Byzantine emperor Alexius I Comnenus
The Comnenus or Komnenos family was an important dynasty in the history of the Byzantine Empire.
The Comneni originated in Paphlagonia, perhaps from the Kastamonu castle, which is possibly a corruption of Castra Comnenus. The Comnenus dynasty of Byzantine emperors was founded by Isaac I Comnenus, a Stratopedarch of the East under Michael VI. In 1057 Isaac led a coup against Michael and was proclaimed emperor. However, the dynasty did not come to full power until the accession of Alexius I Comnenus, Isaac I's nephew, in 1081. By this time, descendants of all the previous dynasties of Byzantium seem to have disappeared from the realm, such as the important Sclerus and Argyrus families. Descendants of those emperors lived abroad, having married into the royal families of Russia, France, Germany, Poland, and Hungary; thus it was easier for the Comnenus family to ascend to the throne.
The Comneni were related to the Ducas family, whereby the clan often was referred as "Comnenoducai" (or "Komnenodukai") and both surnames were used together by several individuals. Alexius I married Irene Ducaina, the grand-niece of Constantine X Ducas, a general who had succeeded Isaac I in 1059. Several families descended from the Comnenoducai, such as Palaeologus, Angelus, Batatzes and Lascaris. Alexius and Irene's youngest daughter Theodora made the future success of the Angelus family by marrying into it: Theodora's grandsons were the emperors Isaac II Angelus and Alexius III Angelus.
Under Alexius I and his successors the Empire was fairly prosperous and stable. Alexius moved the imperial palace to the Blachernae section of Constantinople. Much of Anatolia was recovered from the Seljuk Turks, who had captured it just prior to Alexius' reign. Alexius also saw the First Crusade pass through Byzantine territory, leading to the establishment of the Crusader states in the east. The Comnenus dynasty was very much involved in crusader affairs, and also intermarried with the reigning families of the Principality of Antioch and the Kingdom of Jerusalem - Theodora Comnena, niece of Manuel I Comnenus, married Baldwin III of Jerusalem, and Maria, grand-niece of Manuel, married Amalric I of Jerusalem.
Remarkably, despite the general tendency for Byzantine emperors to be overthrown after a few years, Alexius ruled for 37, and his son John II ruled for 25, after uncovering a conspiracy against him by his sister, the chronicler Anna Comnena, and her husband Nicephorus Bryennius. John's son Manuel ruled for another 37 years.
The Comnenus dynasty produced a number of branches. As imperial succession was not in a determined order but rather depended on personal power and the wishes of one's predecessor, within a few generations several relatives were able to present themselves as claimants. After Manuel I's reign the Comnenus dynasty fell into conspiracies and plots like many of their ancestors (and the various contenders within the family sought power and often succeeded in overthrowing the preceding kinsman); Alexius II, the first Comnenus to ascend as a minor, ruled for three years and his conqueror and successor Andronicus I ruled for two, overthrown by the Angelus family under Isaac II who was dethroned and blinded by his own brother Alexius III. The Angeli were overthrown during the Fourth Crusade in 1204, by a relative from the Ducas family.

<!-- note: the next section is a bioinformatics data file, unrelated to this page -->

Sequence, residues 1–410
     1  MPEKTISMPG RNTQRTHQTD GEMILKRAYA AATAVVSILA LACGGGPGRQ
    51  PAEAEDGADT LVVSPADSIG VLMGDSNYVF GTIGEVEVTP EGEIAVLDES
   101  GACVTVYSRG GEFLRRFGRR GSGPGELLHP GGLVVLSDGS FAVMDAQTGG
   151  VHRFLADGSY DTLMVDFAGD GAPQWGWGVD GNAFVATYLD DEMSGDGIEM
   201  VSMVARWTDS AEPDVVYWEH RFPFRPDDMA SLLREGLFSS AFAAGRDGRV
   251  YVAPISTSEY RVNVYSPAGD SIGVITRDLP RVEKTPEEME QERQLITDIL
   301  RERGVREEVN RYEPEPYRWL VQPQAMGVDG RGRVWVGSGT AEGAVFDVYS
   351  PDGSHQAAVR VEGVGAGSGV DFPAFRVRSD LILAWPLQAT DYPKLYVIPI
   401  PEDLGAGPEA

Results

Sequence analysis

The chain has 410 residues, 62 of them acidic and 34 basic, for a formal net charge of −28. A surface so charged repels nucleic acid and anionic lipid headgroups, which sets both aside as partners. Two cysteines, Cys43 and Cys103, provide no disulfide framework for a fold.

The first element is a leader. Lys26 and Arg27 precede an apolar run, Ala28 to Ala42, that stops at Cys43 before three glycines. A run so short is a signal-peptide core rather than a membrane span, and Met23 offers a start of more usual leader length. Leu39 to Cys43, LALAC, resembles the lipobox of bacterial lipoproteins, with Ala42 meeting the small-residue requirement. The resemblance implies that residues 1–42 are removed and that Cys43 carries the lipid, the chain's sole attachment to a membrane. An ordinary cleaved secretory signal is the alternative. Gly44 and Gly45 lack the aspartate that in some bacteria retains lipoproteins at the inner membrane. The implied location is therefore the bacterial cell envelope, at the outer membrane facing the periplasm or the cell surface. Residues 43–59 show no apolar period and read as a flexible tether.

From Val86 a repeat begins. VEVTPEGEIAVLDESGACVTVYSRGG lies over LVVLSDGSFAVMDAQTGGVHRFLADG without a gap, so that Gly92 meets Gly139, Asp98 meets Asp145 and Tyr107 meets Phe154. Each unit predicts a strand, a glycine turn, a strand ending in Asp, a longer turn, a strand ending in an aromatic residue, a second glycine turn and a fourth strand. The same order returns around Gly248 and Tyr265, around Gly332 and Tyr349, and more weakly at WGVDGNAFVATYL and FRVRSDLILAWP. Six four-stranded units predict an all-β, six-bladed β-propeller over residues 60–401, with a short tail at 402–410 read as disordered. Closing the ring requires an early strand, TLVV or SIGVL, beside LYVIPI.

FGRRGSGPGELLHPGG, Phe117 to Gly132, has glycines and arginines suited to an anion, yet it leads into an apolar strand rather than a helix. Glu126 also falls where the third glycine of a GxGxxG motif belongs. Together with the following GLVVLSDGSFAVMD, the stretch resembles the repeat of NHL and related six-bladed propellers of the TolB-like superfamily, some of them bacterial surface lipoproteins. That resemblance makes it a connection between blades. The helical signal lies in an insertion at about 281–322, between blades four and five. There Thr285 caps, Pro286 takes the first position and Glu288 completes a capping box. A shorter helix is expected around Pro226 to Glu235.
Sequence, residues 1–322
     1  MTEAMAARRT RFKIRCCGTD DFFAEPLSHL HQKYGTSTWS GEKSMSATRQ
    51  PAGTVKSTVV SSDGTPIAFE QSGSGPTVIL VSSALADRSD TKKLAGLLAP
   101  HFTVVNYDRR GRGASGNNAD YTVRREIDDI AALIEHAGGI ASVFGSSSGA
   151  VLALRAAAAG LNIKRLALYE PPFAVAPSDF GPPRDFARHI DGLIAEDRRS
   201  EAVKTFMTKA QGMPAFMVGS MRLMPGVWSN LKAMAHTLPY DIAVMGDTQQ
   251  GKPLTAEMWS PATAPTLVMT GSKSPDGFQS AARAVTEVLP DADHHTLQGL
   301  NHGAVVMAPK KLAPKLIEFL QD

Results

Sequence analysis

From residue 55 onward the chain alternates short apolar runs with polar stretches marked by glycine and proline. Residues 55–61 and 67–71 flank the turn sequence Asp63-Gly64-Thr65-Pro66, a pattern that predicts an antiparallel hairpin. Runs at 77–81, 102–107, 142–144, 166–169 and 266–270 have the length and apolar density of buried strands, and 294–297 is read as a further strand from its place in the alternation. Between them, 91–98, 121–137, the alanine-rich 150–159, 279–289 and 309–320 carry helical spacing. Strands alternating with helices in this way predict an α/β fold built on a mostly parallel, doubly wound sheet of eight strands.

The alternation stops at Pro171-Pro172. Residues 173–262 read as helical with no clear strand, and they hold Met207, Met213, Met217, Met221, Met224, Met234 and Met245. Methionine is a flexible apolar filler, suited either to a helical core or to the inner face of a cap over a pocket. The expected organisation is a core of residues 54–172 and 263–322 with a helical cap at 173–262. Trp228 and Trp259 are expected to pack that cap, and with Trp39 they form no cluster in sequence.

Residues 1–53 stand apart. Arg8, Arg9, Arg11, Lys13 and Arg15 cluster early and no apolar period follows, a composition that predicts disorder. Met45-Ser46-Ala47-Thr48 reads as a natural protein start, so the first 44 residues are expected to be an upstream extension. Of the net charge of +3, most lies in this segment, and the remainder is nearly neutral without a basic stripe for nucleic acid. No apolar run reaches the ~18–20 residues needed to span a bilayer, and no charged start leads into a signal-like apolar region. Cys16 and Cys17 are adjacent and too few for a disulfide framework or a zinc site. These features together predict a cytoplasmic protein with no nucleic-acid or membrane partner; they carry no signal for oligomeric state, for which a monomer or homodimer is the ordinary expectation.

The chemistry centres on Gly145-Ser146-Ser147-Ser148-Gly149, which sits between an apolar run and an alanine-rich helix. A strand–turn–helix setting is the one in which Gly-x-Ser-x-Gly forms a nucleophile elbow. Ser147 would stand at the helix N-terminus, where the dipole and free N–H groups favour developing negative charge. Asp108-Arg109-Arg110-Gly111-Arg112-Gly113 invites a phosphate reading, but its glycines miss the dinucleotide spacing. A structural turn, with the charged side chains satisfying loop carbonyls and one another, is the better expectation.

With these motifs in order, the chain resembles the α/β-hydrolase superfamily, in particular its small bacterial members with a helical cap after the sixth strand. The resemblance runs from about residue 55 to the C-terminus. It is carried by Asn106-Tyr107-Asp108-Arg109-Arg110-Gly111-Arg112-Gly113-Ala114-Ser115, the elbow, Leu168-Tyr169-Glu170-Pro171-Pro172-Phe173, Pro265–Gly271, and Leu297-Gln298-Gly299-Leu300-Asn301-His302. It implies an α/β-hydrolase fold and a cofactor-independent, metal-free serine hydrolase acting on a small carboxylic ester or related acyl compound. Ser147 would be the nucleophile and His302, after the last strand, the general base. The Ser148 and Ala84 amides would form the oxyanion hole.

After the collapse of the empire in 1204, a branch of the Comneni fled back to their homeland in Paphlagonia, and set up the Empire of Trebizond on the Black Sea. The first emperor, also named Alexius I, was the grandson of Andronicus I. These emperors, the "Grand Comneni" (Megas Komnenos) as they were known, ruled in Trebizond for over 250 years, until David Comnenus was defeated and executed by the Ottoman sultan Mehmed II.
A prince of the Komnenus family, great-grandson of Alexius I, Michael Angelos Komnenos Ducas (Michael I Ducas) founded in 1204 the Despotate of Epirus, following the dissolution of the Byzantine Empire after the Fourth Crusade.
A renegade member of the Comnenus family, also named Isaac, established a separate "empire" on Cyprus in the 12th century. The island was taken from him by Richard I of England during the Third Crusade.
The Byzantine Empire was restored in 1261 at Constantinople by the Palaeologus dynasty, a descendant family of the Comneni, and it ruled until the Fall of Constantinople in 1453.
Medieval Greece / Byzantine Empire
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